[Maker’s Note] 3D-printing Application in Woodworking Joints: KAWAI TSUGITE (3-way joint)

by Yun-Han Lin

Preface

Tenoning is a very sophisticated technique in woodworking, and Kawai Tsugite actually gives me a great starting point on tenoning!

Challenges in 3D-printing

Those who have been using 3D-printing would know the most important part to a printed object is the support material and its strength. Too much support material is only a waste and can make it hard to disassemble the model. The strength of printed parts also varies based on the printing direction. Yet, it is hard to take care of these two variations at the same time. Sometimes, when two forces are applied to an object at different points, it is hard to print the piece in only one direction. For this reason, there needs to be two parts, which is when tenoning comes into play.

Advantages of using mortise and tenon joints

Models with special patterns and shapes are easily printed:

Compared with woodworking, it is easier to build models in specific shapes using a software for printing. Kawai Tsugite, our model this time, would take hours to be completed, even for experienced carpenters in joinery. It requires measurement and planning with precision and takes about only half an hour to complete modeling using a software, before the printer takes care of the rest.

Control tolerance: The good thing about using digital technology is that the tolerance for each printed model does not vary too much.

Disadvantages of using tenon joints

No elasticity for interference fit:

Acrylonitrile Butadiene Styrene (ABS) and Polylactic Acid (PLA) plastics are inelastic. Therefore, when it comes to assembly, unlike wood pieces that can be deformed through hammering to create interference fit that puts the pieces together, too much forces applied on PLA plastics would only break the parts into pieces. This problem can be solved using draft angles or trapezoid tenons.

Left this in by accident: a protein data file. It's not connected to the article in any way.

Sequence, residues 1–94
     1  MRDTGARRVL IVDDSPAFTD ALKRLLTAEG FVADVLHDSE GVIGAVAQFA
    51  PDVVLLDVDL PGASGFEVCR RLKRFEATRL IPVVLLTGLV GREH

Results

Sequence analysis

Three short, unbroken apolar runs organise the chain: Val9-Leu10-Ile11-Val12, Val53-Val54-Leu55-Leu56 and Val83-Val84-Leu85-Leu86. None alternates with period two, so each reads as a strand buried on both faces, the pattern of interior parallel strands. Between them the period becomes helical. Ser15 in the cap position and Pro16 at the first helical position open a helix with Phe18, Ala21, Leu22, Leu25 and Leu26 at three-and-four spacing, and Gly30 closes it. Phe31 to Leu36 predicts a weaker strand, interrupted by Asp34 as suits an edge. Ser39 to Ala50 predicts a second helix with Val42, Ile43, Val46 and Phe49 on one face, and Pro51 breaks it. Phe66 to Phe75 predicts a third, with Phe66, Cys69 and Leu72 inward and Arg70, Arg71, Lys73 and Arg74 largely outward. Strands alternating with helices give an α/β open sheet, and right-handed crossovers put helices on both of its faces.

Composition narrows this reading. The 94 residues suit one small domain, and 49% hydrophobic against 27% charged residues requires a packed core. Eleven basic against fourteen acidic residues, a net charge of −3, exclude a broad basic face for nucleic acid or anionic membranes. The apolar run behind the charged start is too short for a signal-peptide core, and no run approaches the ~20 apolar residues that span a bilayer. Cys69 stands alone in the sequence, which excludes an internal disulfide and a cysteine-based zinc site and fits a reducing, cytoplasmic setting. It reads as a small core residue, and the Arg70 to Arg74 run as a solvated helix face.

Long printing hour:

For the time of building tenon joints using 3D-printing and wood pieces, the two is pretty much the same, but 3D-printing is faster sometimes. Yet, if you are only making a 2x2x10cm piece, it takes at least 3 hours to be 3D-printed, while wood pieces take only a few cuts and voila!

Recommendations for future projects

I think using tenoning in 3D-printing projects has a lot of potential. Take Kawai Tsugite we tried this time as an example. A mortise or tenon joint that is compatible for parts in different directions can make various changes to a model. However, if you want to build a model that can be disassembled and assembled repeatedly, you might not want to use Kawai Tsugite. The reason is that the parts can slide off when they are not glued when forces such as shearing forces or normal forces are applied at the same time. For this reason, we may start looking into some 3-piece mortises or those that feature a reinforced structure using wood jointers. Screws and nuts can also be used, which I think can be quite helpful.

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